What is FND?
FND or Functional Neurological Disorder is an umbrella term for any neurological symptoms that are caused by impairments in the functioning of the nervous system rather than any structural impairments. This means there can be a problem with how the nervous system functions, in the absence of any physical damage to any part of it. A good analogy is to think of the brain and nervous system as a computer – neurological insults such as strokes, MS, or spinal cord injuries are caused by physical damage to some part of the computer (i.e. the hardware), whereas FND is caused by a problem with the software of the computer. Since FND can affect any part of the “software” of the nervous system, one can experience symptoms that affect any part of it. This can include things like weakness, tremor, balance or walking problems, dystonia, myoclonus, and even speech or swallowing problems.
How does physiotherapy help?
A multi-disciplinary approach is often indicated when it comes to treatment, and physiotherapy is one of many interventions that can help FND. Here are some techniques that your physiotherapist may incorporate into your treatment:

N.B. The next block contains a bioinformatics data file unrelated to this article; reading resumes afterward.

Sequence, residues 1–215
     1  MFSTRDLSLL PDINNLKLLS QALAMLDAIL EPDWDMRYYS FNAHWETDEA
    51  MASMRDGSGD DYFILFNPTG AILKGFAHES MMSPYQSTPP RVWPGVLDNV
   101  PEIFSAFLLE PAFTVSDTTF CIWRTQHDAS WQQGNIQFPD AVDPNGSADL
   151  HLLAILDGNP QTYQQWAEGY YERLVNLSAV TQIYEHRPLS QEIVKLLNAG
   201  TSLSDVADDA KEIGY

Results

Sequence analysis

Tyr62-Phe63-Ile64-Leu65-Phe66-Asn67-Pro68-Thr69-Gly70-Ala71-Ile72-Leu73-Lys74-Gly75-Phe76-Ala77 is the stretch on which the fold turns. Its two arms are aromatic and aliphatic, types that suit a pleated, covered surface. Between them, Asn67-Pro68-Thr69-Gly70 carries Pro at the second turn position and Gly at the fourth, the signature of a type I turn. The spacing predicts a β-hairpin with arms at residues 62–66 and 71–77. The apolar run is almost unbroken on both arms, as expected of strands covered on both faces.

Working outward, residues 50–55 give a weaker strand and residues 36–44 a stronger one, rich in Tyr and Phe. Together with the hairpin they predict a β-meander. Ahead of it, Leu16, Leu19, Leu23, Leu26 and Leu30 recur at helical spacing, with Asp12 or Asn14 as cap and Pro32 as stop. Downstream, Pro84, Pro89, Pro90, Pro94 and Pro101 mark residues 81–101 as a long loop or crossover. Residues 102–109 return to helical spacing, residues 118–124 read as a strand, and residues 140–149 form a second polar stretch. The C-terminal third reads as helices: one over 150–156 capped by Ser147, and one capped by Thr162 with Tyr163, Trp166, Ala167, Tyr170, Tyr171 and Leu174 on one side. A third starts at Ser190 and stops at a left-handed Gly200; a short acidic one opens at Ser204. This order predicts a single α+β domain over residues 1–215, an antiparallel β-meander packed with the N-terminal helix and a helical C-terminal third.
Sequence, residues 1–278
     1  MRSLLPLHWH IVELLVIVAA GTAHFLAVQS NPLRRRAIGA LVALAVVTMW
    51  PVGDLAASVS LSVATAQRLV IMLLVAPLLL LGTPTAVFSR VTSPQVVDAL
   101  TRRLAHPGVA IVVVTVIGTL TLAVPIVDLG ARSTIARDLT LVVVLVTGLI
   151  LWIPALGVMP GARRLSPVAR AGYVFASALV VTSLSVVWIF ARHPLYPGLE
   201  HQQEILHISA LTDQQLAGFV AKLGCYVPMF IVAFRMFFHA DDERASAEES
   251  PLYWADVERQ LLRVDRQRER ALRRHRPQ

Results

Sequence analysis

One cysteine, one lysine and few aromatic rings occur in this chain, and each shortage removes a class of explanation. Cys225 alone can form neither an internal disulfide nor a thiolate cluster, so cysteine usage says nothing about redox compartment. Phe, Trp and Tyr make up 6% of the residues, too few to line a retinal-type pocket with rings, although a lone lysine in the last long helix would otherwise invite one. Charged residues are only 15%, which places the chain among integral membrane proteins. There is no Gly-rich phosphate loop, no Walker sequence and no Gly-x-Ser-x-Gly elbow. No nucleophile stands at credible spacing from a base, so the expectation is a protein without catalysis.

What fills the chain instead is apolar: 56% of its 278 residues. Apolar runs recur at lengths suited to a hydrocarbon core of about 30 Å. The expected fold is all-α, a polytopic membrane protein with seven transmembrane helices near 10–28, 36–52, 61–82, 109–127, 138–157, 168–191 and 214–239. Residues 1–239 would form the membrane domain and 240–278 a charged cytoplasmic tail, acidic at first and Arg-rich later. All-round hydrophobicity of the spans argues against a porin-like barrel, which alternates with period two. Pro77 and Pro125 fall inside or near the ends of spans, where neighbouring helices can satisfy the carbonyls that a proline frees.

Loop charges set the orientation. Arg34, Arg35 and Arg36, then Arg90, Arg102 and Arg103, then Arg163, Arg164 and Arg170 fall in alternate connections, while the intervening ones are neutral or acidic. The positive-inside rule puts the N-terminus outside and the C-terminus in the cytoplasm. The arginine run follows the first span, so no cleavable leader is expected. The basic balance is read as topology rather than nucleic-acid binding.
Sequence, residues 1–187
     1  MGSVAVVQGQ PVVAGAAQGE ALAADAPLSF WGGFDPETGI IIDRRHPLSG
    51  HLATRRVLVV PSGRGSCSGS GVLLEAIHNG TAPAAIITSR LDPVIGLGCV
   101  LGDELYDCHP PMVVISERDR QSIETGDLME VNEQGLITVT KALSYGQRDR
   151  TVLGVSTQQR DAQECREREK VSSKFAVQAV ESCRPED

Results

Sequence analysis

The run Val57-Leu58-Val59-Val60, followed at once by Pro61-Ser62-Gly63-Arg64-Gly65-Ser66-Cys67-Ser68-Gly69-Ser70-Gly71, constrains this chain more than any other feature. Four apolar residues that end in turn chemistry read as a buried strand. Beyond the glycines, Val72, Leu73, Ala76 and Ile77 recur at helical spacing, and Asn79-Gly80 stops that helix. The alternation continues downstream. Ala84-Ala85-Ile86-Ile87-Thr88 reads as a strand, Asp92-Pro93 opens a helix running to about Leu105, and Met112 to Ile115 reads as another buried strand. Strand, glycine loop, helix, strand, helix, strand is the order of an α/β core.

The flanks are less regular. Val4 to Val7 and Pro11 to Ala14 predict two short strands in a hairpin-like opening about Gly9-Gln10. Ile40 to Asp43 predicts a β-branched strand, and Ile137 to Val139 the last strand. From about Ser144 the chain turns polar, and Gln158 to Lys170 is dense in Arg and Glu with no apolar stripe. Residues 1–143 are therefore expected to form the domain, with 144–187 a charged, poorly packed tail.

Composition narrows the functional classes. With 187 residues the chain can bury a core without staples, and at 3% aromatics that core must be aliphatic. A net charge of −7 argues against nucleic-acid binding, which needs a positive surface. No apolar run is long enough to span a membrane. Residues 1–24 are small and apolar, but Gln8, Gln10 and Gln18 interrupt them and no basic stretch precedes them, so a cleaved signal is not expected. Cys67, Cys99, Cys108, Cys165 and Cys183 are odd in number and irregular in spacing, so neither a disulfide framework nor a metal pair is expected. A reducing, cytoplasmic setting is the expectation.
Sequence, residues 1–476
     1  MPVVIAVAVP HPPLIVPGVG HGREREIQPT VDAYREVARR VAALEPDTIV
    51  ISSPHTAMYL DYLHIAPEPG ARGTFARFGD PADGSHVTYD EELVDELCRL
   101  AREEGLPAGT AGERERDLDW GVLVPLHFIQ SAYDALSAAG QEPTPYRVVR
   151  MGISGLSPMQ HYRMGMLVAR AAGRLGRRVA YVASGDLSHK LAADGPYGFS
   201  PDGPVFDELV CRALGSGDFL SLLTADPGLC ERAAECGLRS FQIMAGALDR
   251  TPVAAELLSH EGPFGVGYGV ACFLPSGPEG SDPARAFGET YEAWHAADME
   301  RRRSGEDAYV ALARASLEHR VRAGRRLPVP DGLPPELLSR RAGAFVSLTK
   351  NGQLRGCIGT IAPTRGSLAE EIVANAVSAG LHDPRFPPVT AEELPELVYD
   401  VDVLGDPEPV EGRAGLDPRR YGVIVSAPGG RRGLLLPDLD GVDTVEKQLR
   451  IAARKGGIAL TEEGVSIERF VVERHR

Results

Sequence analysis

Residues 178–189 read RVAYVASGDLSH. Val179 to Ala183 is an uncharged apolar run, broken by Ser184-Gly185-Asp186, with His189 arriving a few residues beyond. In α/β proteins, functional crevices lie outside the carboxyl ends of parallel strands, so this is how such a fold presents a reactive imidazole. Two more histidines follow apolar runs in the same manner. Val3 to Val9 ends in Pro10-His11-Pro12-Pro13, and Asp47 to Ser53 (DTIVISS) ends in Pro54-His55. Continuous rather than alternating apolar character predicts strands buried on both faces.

Your physiotherapist can help you understand your condition and how/why symptoms may be triggered. Having a better understanding your condition is the first step into breaking down illness beliefs, patterns of learned movement/behaviours. Your physiotherapist is there to build trust with you, encourage you, and provide expert guidance on how to perform each exercise.
2) Diverting attention
Drawing your attention away from yourself can sometimes help to stimulate automatic movement patterns. Distractions can be used as a way to do this in order to retrain your brain to generate automatic movements.
Visualizing specific movement tasks or a pleasant scenario can help to retrain normalized movement in a similar way that diverting attention works.
4) Mirrors and video
These provide visual feedback on movement, task performance, or posture which often appear distorted in the individual’s perspective. With FND, individuals often feel that their motor impairments are much worse than they actually are, and visual feedback can help to correct that mis-match.
5) Graded exercise
An exercise program performed regularly helps to address fatigue and chronic pain symptoms. A graded or gradual approach to exercise is generally recommended. Your physiotherapist can help guide you and provide specific parameters to get the right level of intensity to prevent exacerbation of symptoms, but increase adherence to the program.
– Rebecca Chow, Registered Physiotherapist
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